Friday, July 20, 2012

Donate to Locals or Foreigners?

Recently, there was the sad MRT accident at the Downtown Line Bugis station work site and 2 PRC workers unfortunately died. Condolences.They are foreign workers working at MRT and other construction sites as Singaporeans like me don't want to do such hard jobs. Even if one day manual workers are really unionised and have minimum wages, not the NTUC-type of union, raise the pay to $5000 a month also I might not take it up - injuries, short shelf life since I get too old for the job fast as it is a physically demanding job, stigma of being a construction worker in white-collar economy Singapore.

Some do-gooders want to start a donation drive for the dead. Score karma points, go ahead, whatever makes you feel tingly and good. Whatever, but these workers get compensation as the company bought insurance which is compulsory. In the event of unfortunate uplorry, the compensation is $111,00 maximum if those workers earn less than $1,600 a month under the Workmen's Compensation Act by MOM.Just so that you know the context of your donation and whether you should donate now or after the compensation is given so that you can adjust how much to give.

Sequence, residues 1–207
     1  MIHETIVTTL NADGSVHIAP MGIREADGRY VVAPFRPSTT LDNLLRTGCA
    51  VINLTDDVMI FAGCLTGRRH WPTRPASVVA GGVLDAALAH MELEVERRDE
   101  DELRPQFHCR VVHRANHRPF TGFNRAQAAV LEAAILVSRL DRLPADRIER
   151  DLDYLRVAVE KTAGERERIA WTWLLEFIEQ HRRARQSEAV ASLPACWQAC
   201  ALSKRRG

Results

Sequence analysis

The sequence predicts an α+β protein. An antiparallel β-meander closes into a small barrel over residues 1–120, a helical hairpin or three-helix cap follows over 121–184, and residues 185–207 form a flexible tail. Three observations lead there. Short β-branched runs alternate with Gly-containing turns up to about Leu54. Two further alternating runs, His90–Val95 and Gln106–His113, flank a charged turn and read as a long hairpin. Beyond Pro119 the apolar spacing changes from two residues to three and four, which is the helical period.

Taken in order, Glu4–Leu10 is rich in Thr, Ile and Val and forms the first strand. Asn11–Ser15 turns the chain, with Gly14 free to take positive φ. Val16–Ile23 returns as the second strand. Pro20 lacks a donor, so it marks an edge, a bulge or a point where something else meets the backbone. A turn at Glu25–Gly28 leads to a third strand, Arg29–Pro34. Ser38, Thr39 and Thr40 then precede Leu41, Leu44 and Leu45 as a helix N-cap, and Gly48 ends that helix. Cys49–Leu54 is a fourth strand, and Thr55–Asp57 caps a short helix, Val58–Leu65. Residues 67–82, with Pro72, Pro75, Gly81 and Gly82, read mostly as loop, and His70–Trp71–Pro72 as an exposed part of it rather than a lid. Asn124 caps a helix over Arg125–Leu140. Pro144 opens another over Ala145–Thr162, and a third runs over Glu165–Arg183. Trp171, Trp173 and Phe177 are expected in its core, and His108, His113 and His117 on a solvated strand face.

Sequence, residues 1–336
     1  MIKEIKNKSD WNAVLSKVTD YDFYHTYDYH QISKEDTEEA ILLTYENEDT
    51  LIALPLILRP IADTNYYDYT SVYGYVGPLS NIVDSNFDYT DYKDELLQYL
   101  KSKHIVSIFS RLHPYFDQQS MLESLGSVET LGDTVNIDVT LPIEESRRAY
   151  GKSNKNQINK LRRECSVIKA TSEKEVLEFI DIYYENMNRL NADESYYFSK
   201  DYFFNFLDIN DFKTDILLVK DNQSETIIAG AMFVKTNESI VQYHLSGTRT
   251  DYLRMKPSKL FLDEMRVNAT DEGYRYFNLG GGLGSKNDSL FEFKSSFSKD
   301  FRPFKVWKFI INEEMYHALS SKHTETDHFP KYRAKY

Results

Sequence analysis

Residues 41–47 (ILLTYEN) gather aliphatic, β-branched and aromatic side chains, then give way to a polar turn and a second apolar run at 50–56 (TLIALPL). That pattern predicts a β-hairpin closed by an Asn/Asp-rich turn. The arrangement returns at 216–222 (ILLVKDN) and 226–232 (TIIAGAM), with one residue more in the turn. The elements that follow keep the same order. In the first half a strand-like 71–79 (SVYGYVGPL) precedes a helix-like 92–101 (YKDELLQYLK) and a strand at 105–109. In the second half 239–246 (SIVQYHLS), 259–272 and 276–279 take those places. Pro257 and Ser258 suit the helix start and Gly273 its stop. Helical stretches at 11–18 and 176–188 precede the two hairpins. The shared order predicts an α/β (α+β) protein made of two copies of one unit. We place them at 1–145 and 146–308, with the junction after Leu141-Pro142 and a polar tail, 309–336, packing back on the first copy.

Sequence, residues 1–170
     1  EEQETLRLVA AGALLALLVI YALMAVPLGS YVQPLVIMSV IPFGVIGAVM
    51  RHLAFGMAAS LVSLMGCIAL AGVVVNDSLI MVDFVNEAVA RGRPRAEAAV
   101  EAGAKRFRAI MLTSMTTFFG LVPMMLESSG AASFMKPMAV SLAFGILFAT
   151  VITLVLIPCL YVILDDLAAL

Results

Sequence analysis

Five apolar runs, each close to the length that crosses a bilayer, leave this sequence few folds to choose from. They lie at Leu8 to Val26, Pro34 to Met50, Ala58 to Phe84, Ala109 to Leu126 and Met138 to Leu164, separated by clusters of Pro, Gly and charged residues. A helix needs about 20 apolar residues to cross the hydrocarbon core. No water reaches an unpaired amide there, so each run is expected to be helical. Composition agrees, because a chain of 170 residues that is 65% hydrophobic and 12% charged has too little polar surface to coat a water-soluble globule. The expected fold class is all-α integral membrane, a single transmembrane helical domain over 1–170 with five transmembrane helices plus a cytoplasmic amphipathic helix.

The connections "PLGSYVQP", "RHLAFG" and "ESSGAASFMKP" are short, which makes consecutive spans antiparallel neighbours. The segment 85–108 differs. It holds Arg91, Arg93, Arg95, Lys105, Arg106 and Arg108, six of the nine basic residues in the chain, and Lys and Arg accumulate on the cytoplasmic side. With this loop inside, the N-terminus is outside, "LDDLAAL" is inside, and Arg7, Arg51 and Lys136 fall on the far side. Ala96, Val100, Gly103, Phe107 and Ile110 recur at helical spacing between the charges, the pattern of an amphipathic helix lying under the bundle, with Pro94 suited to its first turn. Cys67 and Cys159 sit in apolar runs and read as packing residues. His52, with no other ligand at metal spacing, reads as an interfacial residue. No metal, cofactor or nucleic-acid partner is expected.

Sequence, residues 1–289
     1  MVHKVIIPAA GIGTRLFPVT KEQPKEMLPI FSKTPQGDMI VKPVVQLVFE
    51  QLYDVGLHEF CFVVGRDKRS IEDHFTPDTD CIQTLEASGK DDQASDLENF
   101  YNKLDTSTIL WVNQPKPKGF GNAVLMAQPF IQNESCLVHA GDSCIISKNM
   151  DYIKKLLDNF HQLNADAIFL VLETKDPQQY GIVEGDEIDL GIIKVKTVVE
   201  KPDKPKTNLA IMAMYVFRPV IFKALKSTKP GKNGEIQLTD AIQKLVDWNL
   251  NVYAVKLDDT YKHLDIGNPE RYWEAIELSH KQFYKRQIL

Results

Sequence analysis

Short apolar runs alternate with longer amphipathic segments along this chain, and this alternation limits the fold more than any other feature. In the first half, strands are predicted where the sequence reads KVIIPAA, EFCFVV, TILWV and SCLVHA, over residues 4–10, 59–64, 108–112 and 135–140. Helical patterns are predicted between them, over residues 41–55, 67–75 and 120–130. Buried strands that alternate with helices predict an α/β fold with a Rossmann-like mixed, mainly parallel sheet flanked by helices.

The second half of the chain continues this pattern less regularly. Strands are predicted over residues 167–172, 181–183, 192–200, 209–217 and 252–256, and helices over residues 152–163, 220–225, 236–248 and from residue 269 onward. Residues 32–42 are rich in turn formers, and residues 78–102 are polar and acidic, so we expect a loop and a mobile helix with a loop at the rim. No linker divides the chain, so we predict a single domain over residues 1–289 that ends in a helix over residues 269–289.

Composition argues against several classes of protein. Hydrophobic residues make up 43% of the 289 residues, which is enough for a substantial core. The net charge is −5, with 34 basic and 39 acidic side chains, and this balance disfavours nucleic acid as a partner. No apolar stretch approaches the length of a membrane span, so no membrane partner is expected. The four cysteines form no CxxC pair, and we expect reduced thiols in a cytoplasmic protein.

Then the sensible question most cynics would ask. Donate is good, even donate to foreigners, as they are humans too. However, those who donated or worse, ask people to donate but don't donate themselves, have they ever donated to people in Singapore, fellow Singaporeans? They have, good! They don't, errr ok. Facepalm. So many uncles and aunties living on streets, who look shit poor. Any big calls for donations to these locals?  Furthermore, some do-gooders were mortified by Singaporeans' triage mentality over donations arising from dramatic events and accidents!

They have compensation. It is never enough compensation one. It is harsh reality of workers, migrant or not, manual or not.

Cynics like me have the right to be selfishly selective in how we want to be selfless what. LOL  I donate to temple or my alma mater building fund or some kids charity, I buy overpriced tissue packets from the tissue aunty at hawker centres as I support her for not depending on a handout, I donate to the blind lady singer at Tampines MRT when I see her for the same reasons and more since she really can sing not like some other baskers, and I don't feel bad at all not donating to the families of the PRC workers who died in the sad accident. I'm outright discriminatory on this form of charity.